UAB reveals new treatment for triple-negative breast cancer - ABC 33/40 - Birmingham News, Weather, Sports

UAB reveals new treatment for triple-negative breast cancer

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UAB researchers have discovered that a new combination of two existing cancer drugs can kill triple-negative breast cancer cells. Triple-negative breast cancer is a highly aggressive subtype of breast cancer that does not express receptors for estrogen, progesterone or human epidermal growth factor. Because most cancer drugs target these receptors, triple-negative breast cancer is difficult to treat.   

The novel drug combination tested by UAB researchers pairs lapatinib - a chemotherapy drug from a class known as kinase inhibitors - with veliparib, a type of drug known as a PARP inhibitor. Both lapatinib and veliparib have individually been shown to be safe and well tolerated in breast cancer patients. 

Lapatinib is approved for use in human epithelial growth factor receptor 2 (HER2)-positive breast cancers, but this is the first time it has been studied in combination with veliparib, both in triple-negative breast cancer cells as well as in mouse models of triple-negative breast cancer. 

The UAB findings, published on Oct. 11, 2012 in the journal PLOS ONE, show that the lapatinib-veliparib combination produces persistent damage in the DNA of triple-negative breast cancer cells, leading to cell death, says Shih-Hsin (Eddy) Yang, M.D., Ph.D., the ROAR Southeast Cancer Foundation Endowed Professor in the UAB Department of Radiation Oncology and associate scientist in the experimental therapeutics program at the UAB Comprehensive Cancer Center.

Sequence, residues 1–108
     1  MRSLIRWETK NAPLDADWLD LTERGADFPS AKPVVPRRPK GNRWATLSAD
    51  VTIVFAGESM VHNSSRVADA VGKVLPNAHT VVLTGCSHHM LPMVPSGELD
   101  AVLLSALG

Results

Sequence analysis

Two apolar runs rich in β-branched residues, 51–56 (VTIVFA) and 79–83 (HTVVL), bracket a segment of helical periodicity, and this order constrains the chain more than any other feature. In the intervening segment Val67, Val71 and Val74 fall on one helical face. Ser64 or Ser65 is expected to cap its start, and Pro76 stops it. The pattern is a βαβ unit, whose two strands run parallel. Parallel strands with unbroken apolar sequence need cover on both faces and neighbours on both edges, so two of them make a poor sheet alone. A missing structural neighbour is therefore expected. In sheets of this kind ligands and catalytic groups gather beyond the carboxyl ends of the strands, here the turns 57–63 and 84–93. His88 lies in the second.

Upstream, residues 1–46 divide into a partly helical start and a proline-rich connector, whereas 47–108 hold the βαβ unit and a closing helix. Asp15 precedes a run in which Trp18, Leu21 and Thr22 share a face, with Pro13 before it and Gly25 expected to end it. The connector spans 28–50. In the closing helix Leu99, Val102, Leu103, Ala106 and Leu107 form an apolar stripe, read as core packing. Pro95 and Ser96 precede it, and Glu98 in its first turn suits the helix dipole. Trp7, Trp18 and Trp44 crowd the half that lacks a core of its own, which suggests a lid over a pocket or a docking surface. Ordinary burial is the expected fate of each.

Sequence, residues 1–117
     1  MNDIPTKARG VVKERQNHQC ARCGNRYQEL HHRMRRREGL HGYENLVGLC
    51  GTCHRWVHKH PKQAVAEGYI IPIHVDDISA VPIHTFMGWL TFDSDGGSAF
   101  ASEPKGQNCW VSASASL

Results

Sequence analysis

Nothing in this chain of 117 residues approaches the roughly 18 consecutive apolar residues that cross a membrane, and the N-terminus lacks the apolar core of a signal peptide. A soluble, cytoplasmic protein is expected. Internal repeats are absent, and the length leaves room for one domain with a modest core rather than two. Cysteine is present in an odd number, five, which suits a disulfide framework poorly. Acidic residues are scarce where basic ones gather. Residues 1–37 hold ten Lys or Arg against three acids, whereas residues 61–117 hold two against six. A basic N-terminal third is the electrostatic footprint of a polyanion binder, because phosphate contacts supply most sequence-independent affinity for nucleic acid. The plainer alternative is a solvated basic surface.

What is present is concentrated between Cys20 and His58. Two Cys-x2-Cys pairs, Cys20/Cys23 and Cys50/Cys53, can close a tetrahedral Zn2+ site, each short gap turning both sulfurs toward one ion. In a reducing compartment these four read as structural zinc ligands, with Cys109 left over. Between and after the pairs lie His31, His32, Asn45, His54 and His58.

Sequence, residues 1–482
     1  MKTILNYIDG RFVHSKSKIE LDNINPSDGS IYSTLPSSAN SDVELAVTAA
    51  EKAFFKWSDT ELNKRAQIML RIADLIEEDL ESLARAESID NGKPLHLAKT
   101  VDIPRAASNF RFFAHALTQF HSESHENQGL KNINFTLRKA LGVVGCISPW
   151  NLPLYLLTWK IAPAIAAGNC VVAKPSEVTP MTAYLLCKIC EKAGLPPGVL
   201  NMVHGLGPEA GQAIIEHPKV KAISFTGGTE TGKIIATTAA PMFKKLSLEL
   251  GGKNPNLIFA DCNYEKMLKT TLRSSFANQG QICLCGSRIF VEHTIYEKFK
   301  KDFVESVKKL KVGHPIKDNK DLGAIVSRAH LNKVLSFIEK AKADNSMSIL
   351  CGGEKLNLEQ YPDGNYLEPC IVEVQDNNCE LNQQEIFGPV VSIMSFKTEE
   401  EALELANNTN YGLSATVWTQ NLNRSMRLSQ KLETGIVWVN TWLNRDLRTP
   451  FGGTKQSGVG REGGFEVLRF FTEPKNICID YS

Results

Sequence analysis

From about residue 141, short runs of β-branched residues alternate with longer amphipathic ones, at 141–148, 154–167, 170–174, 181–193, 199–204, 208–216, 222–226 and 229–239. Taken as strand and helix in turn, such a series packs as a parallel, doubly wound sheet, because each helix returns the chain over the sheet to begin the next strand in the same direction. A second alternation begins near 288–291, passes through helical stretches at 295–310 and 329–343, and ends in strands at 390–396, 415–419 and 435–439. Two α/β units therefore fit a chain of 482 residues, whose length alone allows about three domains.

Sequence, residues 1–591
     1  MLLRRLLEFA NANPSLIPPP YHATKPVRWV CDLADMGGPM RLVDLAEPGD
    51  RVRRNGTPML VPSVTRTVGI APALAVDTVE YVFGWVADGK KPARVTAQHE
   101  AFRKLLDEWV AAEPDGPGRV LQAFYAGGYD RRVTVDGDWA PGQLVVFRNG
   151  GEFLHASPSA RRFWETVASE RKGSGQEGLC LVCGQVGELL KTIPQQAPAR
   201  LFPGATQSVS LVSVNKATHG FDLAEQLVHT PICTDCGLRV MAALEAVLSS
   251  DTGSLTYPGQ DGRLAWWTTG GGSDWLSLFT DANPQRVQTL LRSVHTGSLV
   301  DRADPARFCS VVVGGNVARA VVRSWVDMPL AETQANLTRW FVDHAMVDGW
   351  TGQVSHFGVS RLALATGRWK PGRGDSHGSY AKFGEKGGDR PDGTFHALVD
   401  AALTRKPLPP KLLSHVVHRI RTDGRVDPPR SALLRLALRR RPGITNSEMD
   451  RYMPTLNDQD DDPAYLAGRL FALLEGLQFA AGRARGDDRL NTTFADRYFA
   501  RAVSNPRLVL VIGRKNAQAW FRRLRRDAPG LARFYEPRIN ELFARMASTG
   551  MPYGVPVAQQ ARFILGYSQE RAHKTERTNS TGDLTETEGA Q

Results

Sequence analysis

Poly ADP ribose polymerases, or PARPs, are enzymes that repair some types of damage done to DNA. As a result, PARP-inhibiting drugs are currently being tested in cancer therapy to render cancer cells more sensitive to treatments that damage DNA, such as chemotherapy and radiation.

Human epidermal growth factor receptor (EGFR) pathways are responsible for translating signals from outside the cell into signals within the cell, including activation of DNA repair.  Various therapeutic drugs are used within this pathway to kill cancer cells. "However, triple-negative breast cancers can be particularly aggressive because they learn how to survive despite these and other therapies," says Yang. "This makes treating triple-negative breast cancer patients successfully quite difficult and they end up having recurrences with limited treatment options that work."

An expert in DNA repair in cancer cells, Yang has been studying EGFR and PARP inhibitors in relation to multiple cancer types for several years. "If you hit triple-negative cancer cells with lapatinib, among other things, it breaks down the ability of the cell to repair its DNA," Yang explains. "By utilizing the PARP inhibitor on top of that, the cancer cell continues to accumulate damage to its DNA, causing the cell to die. This potent combination causes an interaction that is lethal to triple-negative breast cancer cells."

Yang and his research team plan to present clinical trial concepts based on this study to the Translation Breast Cancer Research Consortium in November.

 

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